When and Where?
The "First Thursday" open sf/fan pub meetings in London, a continuing tradition since 1946, take place on the First Thursday evening of each month. Exceptions are noted below. Meetings run from around 6pm when people begin to arrive, and continue until closing time at 11pm. The gathering is entirely informal, and all are welcome. There is no admission fee or membership requirement.
Since April 2016 the regular venue has been The Bishop's Finger, 9-10 West Smithfield, London, EC1A 9JR. The meeting currently takes place in the upstairs room; unfortunately the only access is via the staircase, there being no lift.
Roger Robinson is the "owner" of the meeting as far as the current pub is concerned, and regularly books the bar for First Thursdays. Meetings have been booked at The Bishop's Finger to the end of 2019.
- About The Bishop's Finger
- Extra Meetings
- Fallback Venue
- London Circle/First Thursday History
- London entry in the SF Encyclopedia
Other group meeting links (see also below)
- British Fantasy Society
- British SF Association
- Broken Drummers (Discworld)
- Fortean Society
- London Science Fiction Research Community (also Twitter)
- Science Fiction Theatre (film)
- Skeptics in the Pub
- Spectrum: The London Science Fiction & Fantasy Writers' Group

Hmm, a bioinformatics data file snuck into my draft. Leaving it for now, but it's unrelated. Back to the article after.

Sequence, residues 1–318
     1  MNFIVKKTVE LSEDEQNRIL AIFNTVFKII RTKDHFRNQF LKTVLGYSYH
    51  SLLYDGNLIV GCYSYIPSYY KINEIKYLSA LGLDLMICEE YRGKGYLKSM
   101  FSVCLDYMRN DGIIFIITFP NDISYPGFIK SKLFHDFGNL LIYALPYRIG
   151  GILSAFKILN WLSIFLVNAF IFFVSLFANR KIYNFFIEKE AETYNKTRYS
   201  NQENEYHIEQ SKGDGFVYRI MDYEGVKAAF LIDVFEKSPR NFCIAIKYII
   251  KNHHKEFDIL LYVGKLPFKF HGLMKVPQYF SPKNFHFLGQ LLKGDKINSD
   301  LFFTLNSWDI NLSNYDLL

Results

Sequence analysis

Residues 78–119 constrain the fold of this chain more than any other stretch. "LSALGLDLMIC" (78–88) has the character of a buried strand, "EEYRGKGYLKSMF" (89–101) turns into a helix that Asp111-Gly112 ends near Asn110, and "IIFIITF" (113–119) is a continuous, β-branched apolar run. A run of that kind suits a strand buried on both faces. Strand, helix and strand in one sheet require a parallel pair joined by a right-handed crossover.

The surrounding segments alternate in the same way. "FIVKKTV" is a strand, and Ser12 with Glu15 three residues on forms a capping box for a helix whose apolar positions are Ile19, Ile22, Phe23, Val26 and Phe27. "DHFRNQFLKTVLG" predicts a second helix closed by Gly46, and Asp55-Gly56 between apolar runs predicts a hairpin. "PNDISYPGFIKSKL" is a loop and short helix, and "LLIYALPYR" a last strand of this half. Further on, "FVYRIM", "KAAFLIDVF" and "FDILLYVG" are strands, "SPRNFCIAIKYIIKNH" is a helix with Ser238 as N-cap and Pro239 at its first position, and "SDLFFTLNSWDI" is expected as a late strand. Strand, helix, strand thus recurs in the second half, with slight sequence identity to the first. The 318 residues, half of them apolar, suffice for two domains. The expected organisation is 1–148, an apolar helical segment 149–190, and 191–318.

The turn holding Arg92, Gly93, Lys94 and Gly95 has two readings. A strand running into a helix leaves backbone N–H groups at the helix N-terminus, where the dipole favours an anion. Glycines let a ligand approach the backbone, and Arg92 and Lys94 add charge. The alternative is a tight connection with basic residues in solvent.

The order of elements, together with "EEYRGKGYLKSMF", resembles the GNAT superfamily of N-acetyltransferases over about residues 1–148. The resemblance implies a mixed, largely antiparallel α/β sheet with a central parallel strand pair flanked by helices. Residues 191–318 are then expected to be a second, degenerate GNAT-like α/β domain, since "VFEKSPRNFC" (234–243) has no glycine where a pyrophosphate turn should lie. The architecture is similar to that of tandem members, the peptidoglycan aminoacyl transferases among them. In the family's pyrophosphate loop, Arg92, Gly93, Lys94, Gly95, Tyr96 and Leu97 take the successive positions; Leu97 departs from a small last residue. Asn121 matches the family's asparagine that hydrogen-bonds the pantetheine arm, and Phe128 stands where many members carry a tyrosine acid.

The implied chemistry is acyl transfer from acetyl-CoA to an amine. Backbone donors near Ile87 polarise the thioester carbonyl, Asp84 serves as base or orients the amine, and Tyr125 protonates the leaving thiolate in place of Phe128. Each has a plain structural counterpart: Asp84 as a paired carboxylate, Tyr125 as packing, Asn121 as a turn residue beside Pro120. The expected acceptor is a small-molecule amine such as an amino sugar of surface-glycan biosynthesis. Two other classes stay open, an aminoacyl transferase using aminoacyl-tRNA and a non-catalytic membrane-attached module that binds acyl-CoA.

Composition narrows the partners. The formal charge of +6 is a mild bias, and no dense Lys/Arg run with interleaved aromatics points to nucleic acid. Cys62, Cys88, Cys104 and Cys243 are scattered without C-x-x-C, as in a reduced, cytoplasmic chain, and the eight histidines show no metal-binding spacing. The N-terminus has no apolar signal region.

- Super Relaxed Fantasy Club
- via Meetup.com
- ZZ9 (Hitchhiker's Guide)
London Events Pages
- Cartoon Museum
- Forbidden Planet
- Gosh! Comics
- MCM Comic Con
- Orbital Comics
- Royal Observatory, Greenwich
- Starfury media conventions, often at Heathrow
What Are the Rules?
The First Thursday meetings are open to all. Informality prevails. There are no talks or events, just a lot of people drinking and chattering. On First Thursdays, sf fans may be present from 5pm or even earlier.
Many London pubs have hosted these gatherings: see London Circle/First Thursday History below. Although no one now uses the old name "London Circle" for the meeting, a few long-time attendees like to call it the Tun in memory of the 1974-1987 venue the One Tun and its successor The Wellington (1987-1992; 1993-1997), which in a slightly tiresome attempt at continuity some fans called the 'Ton. Just so, and equally bafflingly for newcomers, certain diehards in the One Tun era liked to call it the Globe or even the White Horse.
If you prefer more structured events, centred on a talk, panel or interview, try the monthly BSFA meetings held on the fourth Wednesday of each month except for December. (Although the First Thursday meetings are plugged in BSFA communications and the BSFA meeting is listed on this London events page, there is no formal link between BSFA and First Thursday events – just a partial overlap in attendance.) Some other regular events are listed below.